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Raphael Rosen caught the science writing bug while working at the Exploratorium, San Francisco’s hands-on museum of science, art, and human perception. There he was inspired by the way the Exploratorium's exhibits communicated science ideas clearly and in a down-to-earth fashion. (The giant ball bearing and wave interference exhibits especially stand out in his memory.) Always interested in ways in which science and writing intersected, he has been inspired by Jerry P. King, author of The Art of Mathematics, as well as K.C. Cole, Philip Hoare, and Bryan Magee.


He has written for NASA's Spitzer Space Telescope Mission, as well as for space.com, where he explored the aesthetics of space telescope images and covered recent research news in the space community. He wrote about arts and cultural events for the Wall Street Journal, and interviewed paleontologist James Horner for a piece about fossil auctions than ran in EARTH magazine. Rosen also wrote a story about Maxfield Parrish's lavishly illustrated undergraduate chemistry notebook for SciArt in America, and contributed short news items to Scholastic Science World. He has written for Discover and Scientific American, and authored a children’s book about outer space.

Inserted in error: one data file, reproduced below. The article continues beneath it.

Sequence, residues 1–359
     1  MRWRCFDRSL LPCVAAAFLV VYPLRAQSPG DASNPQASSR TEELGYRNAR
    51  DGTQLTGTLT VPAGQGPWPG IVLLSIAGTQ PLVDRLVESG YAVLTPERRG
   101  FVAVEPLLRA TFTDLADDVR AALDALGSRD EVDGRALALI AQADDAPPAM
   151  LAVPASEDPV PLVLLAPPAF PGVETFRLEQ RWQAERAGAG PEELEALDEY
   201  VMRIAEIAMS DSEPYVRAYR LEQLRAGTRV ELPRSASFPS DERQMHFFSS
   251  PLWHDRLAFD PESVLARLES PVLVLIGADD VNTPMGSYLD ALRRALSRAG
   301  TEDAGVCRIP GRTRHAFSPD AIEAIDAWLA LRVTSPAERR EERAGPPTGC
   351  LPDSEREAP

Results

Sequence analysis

Rosen has a master’s in specialized journalism from the University of Southern California and a bachelor’s in philosophy from Williams College. Originally from Winston-Salem, NC, where he frequently visited the Nature Science Center, he currently lives in New York City and can be found online at www.raphaelprosen.com.